Sex sells – sometimes

20. April 2007

Whenever an advertiser takes out his TV spot during programs heavy on sex, he just might as well save his money, because hardly any human brain is capable of memorizing those spots. On the contrary, advertising films with a revealing content will reach the male memory neurones much better in a sex-free environment. Sex sells, but not always.

It is just another platitude to say, that erotic contents distract people from other things in life. Nonetheless, the study, published in the professional magazine Applied Cognitive Psychology by the researcher duo Ellie Parker and Adrian Furnham, might bring out cold sweat on some TV managers. Because the billion-dollar business of fruity advertising late at night just might turn into a gigantic soap bubble, getting ready to burst quite soon. Men of all people are the most useless species, when it comes to sex and advertising – thus the results of the scientists at University College London. Not only do men hardly remember anything that the shown spot is trying to suggest. Most of the time, they hang on to the contents of the movie, not to the spot: One interspersed naked scene or a rather casual erotic hint is just enough to trump any sexually embellished advertising message. So the psychologists demonstrated, that the human brain does react to sexual appeals – but quite different from what the advertising industry was aiming at.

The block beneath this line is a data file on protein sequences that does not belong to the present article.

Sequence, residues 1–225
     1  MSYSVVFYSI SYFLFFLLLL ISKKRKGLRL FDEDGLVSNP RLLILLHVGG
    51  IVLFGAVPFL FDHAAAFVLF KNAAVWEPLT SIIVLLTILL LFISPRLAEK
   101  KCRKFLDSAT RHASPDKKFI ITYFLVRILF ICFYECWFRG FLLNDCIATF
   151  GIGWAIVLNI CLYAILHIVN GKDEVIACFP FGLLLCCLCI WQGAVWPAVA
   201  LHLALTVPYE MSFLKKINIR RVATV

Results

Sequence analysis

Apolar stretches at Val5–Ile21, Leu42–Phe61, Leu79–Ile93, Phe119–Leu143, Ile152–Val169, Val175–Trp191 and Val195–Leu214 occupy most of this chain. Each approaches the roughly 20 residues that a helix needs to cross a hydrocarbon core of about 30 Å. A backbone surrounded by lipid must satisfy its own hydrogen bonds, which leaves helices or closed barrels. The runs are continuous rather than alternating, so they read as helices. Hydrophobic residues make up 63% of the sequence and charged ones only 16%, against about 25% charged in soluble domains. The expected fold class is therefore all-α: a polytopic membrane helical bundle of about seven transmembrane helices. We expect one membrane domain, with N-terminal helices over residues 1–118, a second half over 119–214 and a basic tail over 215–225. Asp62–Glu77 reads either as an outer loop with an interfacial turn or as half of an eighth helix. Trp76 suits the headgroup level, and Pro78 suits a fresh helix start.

Doesn't get you anywhere: Sex and advertising

An initial group of test persons watching an episaode of the cult series “Sex and the City” at least remembered afterwards, that the program was interrupted four times by advert breaks. But neither one of them remembered, which spots exactly. Whether man or woman – basically, all thoughts were just circling around the leading ladies in the movie. The researcher note: Not even spots showing languishing tongues mutating to fruits or Aphrodites barely covered with transparent lingerie crawling across the floor looking for their second shoe.

Completely different were the reactions of the control group watching “Malcolm in the Middle”. The US station FOX Network produced this sitcom, from 2000 until 2006 seven series with 151 episodes were broadcasted. Professionals considered it a rather sophisticated series. The main character is Malcolm, a highly gifted boy with an IQ of 165 – but: Compared to “Sex in the City”, it comes along like a broadcast from Vatican put in relation with pictures from the carnival in Rio. The sex-free zone in the time slot and on the screen promotes the receptiveness of the brain for banalities and eroticism, such shown in the psychological studies. Astonishing enough, the test persons remember the beer- and shampoo ads quite well – even if that ad was without any sexual hints.

Sex advertises for sex only

This study also cleaned up another generally accepted opinion. Even a per se erotic advertisement leaves the viewer unimpressed. At the bottom of his heart, he already forgot the ad – even before he could be tempted to buy the product. According to the study, erotic advertising does not shore up the desired effects at all. Whoever has got sex on his mind while watching an erotic spot, is virtually lost as a customer. As the British economic magazine “The Economist” states in its latest edition: “sex only sells sex”.

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